Skip to main content

Weave

Weave is a python module that includes a method of including C and C++ code inline with python. Has a slightly bigger overhead than the swig approach but is a lot easier to implement. And the code can be any dynamically created string. For example this block of python code calculates the fixed point multiplication of var1 and var2. The code is modified from a matlab algorithm worked on during my summer internship at Tait Electronics.

from scipy.weave import inline as inlineC

r = rounding and 1 or 0 # Blatent hack to convert from pythons True/False to 1/0 for C/C++

exp = """
signed int K,result;
signed long int temp;
temp = (long int)var1 * (long int)var2;
signed int sign = temp/abs(temp);
if(r) {
K = 1 << (numBits-1); temp = temp + K; } result = sign*(abs(temp) >> numBits);
if(result > fp_Max){
result = fp_Max;
}
if(result < result =" fp_Min;" return_val =" result;">

result = inlineC(exp,['var1','var2','numBits','fp_Min','fp_Max','r'])

It must be noted the C code is just a string to python, the string is then passed to scipy.weave.inline along with any variables required by the code. The only non standard piece of c is assigning return_val, this is set up by weave and can be assigned with any type to return into python. Also note the commented out printf statement in the C code – was very useful for debugging as it still outputs to standard out.

Weave is a quick and powerful way to include c code or optimize a bottleneck in an algorithm. The above example is probably to simple to get any speed up as its a very trivial problem and the overhead of calling C must be factored in. Weave is pretty awesome for when you have a loop in python you cannot get rid of that MUST go faster.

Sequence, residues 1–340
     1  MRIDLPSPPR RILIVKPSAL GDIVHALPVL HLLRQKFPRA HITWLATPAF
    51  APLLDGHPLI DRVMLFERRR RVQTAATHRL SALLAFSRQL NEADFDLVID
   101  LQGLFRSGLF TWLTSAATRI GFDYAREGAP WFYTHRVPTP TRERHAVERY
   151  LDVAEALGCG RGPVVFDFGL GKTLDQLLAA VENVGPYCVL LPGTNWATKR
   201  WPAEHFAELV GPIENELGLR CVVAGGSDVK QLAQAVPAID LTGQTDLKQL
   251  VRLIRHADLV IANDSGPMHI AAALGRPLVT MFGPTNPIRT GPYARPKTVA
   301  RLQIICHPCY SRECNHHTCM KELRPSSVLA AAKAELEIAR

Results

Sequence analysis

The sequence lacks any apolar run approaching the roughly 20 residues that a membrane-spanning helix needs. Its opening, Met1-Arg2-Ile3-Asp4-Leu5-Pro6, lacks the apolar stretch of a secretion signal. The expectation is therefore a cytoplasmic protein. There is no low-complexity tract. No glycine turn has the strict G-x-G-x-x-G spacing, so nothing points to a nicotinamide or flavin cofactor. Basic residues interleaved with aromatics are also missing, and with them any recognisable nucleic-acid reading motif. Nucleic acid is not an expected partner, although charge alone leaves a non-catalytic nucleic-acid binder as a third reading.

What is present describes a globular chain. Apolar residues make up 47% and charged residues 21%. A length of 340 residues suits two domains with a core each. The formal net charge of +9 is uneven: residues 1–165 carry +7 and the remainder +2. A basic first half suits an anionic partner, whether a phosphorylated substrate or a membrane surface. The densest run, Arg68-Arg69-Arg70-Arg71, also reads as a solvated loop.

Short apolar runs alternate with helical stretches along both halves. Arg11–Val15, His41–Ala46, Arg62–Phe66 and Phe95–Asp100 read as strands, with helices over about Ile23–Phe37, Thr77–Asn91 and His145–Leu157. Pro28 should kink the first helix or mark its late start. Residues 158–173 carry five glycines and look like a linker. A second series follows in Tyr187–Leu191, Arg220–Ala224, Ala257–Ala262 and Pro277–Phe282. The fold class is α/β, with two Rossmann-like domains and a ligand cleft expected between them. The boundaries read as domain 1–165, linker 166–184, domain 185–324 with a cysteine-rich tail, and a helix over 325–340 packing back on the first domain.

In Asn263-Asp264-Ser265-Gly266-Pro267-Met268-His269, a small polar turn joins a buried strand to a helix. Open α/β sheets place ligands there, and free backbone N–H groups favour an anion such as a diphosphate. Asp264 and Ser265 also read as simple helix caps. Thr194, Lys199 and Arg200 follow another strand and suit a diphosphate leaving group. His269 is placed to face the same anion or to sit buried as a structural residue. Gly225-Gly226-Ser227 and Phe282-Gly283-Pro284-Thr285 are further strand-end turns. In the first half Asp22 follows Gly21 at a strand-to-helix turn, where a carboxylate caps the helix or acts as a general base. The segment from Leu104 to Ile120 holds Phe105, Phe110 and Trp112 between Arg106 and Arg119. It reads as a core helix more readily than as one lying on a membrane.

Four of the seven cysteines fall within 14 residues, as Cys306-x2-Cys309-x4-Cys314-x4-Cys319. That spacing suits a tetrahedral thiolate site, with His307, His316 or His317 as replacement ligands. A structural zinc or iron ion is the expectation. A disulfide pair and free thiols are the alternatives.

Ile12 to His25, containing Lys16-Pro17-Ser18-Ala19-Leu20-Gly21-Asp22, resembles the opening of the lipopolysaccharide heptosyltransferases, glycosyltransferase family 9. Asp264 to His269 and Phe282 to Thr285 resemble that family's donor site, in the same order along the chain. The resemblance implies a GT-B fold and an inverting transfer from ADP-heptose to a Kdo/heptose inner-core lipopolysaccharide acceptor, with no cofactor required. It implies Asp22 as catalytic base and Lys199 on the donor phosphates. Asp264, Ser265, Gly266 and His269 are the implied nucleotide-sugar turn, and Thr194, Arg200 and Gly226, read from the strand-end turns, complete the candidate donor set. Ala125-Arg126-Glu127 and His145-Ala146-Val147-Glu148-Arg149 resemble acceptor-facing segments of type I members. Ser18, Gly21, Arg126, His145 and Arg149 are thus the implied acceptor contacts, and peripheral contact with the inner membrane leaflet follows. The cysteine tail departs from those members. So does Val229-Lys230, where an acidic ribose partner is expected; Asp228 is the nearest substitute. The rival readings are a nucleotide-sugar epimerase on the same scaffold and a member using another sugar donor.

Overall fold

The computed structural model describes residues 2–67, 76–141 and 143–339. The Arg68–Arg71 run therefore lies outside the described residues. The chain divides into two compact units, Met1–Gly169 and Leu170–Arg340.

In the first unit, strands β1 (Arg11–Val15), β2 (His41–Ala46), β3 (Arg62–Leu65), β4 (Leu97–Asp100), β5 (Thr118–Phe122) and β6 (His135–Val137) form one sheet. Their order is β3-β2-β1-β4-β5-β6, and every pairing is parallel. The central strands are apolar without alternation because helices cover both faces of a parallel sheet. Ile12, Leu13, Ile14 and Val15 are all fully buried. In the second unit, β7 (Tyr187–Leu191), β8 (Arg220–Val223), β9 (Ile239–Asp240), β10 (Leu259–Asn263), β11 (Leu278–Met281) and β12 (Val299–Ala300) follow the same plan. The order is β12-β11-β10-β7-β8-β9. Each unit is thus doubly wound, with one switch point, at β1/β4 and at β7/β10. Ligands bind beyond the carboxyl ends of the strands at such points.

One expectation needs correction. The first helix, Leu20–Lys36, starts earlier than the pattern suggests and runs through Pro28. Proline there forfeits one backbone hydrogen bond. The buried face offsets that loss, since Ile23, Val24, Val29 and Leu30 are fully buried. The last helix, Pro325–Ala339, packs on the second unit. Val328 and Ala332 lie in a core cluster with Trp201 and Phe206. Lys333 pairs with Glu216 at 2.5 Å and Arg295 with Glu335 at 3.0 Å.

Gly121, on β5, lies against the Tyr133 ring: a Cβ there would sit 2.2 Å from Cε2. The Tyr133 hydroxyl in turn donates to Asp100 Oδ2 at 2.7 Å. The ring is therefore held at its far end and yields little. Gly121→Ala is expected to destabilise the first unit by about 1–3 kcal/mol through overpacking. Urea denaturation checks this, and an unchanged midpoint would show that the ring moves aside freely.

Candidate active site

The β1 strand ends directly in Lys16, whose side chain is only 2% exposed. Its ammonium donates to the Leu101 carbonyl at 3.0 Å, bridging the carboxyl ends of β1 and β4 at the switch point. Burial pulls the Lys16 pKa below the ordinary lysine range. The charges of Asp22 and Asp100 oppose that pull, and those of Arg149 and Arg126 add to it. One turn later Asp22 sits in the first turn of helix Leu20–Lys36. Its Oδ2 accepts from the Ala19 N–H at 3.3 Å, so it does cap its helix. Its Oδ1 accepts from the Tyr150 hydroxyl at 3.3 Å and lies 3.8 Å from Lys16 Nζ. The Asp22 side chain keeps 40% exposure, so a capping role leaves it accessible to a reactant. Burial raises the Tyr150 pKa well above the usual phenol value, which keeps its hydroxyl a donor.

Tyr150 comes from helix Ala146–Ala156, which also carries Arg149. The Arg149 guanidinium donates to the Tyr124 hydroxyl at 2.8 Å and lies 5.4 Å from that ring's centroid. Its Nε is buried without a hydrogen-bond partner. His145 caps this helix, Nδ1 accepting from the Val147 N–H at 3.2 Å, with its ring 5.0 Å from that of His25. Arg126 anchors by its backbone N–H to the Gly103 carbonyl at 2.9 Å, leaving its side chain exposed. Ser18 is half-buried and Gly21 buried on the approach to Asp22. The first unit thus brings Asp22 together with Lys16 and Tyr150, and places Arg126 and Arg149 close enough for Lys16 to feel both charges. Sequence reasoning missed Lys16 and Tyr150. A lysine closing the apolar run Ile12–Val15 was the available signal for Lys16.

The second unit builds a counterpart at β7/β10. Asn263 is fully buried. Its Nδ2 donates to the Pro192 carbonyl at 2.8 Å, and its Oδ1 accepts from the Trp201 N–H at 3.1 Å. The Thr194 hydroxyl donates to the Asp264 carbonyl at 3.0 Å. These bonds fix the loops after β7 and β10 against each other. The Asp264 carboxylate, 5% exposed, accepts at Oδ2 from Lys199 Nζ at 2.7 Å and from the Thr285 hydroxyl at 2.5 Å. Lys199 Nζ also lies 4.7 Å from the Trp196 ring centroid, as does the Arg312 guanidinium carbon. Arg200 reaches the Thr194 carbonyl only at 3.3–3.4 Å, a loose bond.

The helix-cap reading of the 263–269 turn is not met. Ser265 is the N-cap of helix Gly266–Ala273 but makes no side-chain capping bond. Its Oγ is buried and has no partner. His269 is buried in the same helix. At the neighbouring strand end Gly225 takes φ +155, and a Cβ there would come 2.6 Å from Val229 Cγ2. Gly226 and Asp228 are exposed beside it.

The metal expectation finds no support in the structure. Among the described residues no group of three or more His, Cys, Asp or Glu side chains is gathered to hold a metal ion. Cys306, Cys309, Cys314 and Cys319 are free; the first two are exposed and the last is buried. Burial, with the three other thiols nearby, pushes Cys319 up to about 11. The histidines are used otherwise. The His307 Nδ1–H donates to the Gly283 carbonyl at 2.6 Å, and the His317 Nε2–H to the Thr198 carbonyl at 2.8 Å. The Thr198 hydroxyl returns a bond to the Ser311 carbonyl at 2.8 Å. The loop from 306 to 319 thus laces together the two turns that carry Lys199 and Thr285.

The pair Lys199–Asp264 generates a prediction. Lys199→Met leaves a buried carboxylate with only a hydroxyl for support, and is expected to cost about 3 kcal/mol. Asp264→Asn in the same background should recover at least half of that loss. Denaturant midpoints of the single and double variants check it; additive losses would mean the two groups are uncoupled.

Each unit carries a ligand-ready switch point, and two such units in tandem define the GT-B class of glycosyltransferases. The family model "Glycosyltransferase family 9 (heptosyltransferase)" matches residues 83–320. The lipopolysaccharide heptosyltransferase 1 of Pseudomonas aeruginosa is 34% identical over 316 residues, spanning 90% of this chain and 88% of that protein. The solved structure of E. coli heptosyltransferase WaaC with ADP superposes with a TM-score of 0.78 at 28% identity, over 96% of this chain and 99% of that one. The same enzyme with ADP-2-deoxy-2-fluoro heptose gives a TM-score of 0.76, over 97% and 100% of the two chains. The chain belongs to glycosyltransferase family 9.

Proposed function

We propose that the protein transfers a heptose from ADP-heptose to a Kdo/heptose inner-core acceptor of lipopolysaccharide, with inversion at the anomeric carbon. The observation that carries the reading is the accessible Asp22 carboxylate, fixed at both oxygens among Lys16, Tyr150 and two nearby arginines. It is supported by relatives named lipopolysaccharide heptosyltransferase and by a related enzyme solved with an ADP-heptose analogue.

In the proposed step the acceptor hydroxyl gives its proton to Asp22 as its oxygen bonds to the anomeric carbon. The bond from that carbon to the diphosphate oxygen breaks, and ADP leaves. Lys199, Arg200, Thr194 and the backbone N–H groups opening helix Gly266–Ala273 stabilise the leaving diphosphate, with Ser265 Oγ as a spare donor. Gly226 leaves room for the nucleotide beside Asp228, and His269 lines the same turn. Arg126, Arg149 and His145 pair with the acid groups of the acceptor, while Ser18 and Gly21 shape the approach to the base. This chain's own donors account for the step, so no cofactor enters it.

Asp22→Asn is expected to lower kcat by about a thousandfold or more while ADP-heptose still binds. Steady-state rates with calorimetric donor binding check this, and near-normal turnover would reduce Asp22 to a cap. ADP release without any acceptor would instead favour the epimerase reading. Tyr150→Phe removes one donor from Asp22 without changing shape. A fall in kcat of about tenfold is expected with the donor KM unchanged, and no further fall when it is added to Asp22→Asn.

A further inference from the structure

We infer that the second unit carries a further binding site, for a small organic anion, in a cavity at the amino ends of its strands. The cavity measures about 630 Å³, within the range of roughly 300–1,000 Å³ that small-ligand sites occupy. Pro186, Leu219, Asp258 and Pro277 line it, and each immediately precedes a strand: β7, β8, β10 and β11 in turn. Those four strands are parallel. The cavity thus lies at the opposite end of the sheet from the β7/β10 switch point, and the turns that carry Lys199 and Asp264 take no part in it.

As with all optimization tho, ask yourself if you really need it?

Here is another example...

The original code:

from numpy import *
def
wastedLoop(n):

"""wastedLoop does alot of looping adding up the numbers 1 + 2 + ... N
wastedLoop(n) loops n times"""
p =
0

for
k in range(n+1):
p = p + k

print
p

Then at an ipython prompt do a quick timing test:

>>> %timeit wastedLoop(1000000)
10
loops, best of 3: 464 ms per loop

Ok so now lets use numpy functions instead of looping:

def numpySumMethod(n):
return
sum(arange(n+1))

>>> %timeit numpySumMethod(1000000)
100
loops, best of 3: 12.9 ms per loop
So we already have achieved a 35 times faster run time than the original. And have clearer code!

from scipy import weave
def
wastedLoop(n):
"""
wastedLoop does alot of looping adding up the numbers 1 + 2 + ... N

wastedLoop(n) loops n times

"""

p = int(0)

exp = """

int i;
for(i=0;i

weave.inline(exp,['p','n'])
return
p

%timeit wastedLoop(1000000)
10
loops, best of 3: 2.8 ms per loop



We see an improvement here but its not amazing... Just one more example, doing the same thing but with the knowledge about the problem. Using the algorithm:

def efficientMethod(n):
"""Return sum of 1+2+3...+N"""

return
n*(n+1)/2.0

>>> timeit efficientMethod(1000000)
1000000
loops, best of 3: 0.00000173 s per loop

And there we have it: 1.73┬Ás There is a lesson in that! A bit of math goes a long way! For the cases where you don't have insider knowledge however, it is clear numpy alone can suffice in most situations.